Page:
(Before It's News)
Congress wants to spend $6 billion more on healthcare, but here’s a good suggestion for them
Congress, you need to stop. Like, really. Just stop.
With the release of a 1,000-page health care spending bill, the Republican-heavy Congress has proved it has no interest in shrinking the size of the federal government.
Despite spending a majority of the Obama administration criticizing the Affordable Care Act for increasing Washington DC’s footprint, House leaders now appear no different than their Democratic counterparts who crammed the law through without any consideration for the consequences. (Remember, “We have to pass it to see what’s in it?”) Even more concerning is why the GOP is forcing this bill through with a new administration looming; especially one that has promised to repeal Obamacare and its wasteful habits.
And what is the name of this new bill? The 21st Century Cures Act, which is ironic because it’s not going to cure what really ails this country: the fat-cat lobbyists and politicians who will be the primary beneficiaries of such an act.
Daniel Horowitz explains what’s packed in the bill and how they plan to pay for it at Conservative Review
Despite all the hand-wringing about partisan fighting in Washington, the “21st Century Cures Act” is a quintessential example of the two liberal parties coming together to grow the federal government, increase rather than decrease spending, give handouts to all their respective lobbyists, and sell the bill as the next step to curing cancer. In short, it represents everything wrong with Washington.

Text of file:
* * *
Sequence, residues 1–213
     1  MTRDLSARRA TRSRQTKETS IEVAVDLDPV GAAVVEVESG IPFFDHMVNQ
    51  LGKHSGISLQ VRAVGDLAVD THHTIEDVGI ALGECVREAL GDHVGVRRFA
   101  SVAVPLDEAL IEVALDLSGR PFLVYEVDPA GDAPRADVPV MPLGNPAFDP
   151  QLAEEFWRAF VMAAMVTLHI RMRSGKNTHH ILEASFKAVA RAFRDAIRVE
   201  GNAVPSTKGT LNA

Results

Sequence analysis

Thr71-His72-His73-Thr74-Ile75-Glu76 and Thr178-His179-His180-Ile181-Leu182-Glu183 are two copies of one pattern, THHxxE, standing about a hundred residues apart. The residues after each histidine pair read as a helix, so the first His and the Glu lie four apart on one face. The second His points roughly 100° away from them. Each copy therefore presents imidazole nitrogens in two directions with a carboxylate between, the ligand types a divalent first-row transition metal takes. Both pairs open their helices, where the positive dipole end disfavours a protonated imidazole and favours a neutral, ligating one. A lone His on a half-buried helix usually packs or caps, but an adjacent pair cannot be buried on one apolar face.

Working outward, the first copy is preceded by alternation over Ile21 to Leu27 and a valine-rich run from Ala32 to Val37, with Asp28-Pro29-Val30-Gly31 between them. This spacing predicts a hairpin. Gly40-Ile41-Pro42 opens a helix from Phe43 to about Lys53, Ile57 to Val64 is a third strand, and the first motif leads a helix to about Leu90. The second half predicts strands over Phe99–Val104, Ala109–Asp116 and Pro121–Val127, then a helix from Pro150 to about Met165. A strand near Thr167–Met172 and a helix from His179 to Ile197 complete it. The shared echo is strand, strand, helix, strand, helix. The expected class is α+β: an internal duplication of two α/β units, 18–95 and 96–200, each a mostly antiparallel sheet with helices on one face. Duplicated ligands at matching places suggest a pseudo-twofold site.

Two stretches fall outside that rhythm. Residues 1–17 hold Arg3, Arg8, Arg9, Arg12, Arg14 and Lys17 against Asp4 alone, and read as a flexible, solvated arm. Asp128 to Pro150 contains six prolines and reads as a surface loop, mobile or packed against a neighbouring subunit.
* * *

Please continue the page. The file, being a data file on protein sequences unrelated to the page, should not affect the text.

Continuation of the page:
The $6.3 billion package contains $4.8 billion in extra funding for the NIH [National Institute of Health] to further research cancer, brain cells, and precision medicine. It also gives the FDA another $500 million to move drugs and medical devices to patients more quickly, and a billion dollars in grants to states to combat the “opioid crisis.”
As is always the case, the bill’s authors have concocted a hodgepodge of notional accounting gimmicks to “pay for” the cost of the bill. Not a single government program is eliminated to offset the cost of this new spending; rather the bill relies on receipts from selling off our Strategic Oil Reserves over ten years to pay for this bill. Using the Strategic Oil Reserves as a private piggybank to pay off lobbyists in order to grow government has become the new go-to source for “spending offsets.”
A similar version of this bill passed in the House just last year, but the new version has grown three times the size of the original. If the new version passes, the Department of Health and Human Resources will have billions of dollars coursing through its veins much like the very opioid addicts the bill vows to cure. It will be a non-stop taxpayer-funded binge, and Washington will never want to come off of that high.
Though the bill contains some reforms to the FDA and Bill Clinton’s 1996 Health Insurance Portability and Accountability Act, it’s canceled out by the billions in new spending. Much like the outgoing liberal administration, Republican leaders are selling the bill with keywords like “health” and “cure” in an effort to make the medicine go down easier. But the American people have spoken, and they elected a new administration which promised to repeal and replace Obamacare. When the “conservatives” in Washington won’t act like conservatives, how can they claim to be the party of small government ever again?
I’ll let Horowitz have the last word:
Rather than canceling the lame duck session and saving this endeavor for a new GOP mandate next year, House Republicans plan to drop this complex, multifaceted bill on the floor on Wednesday.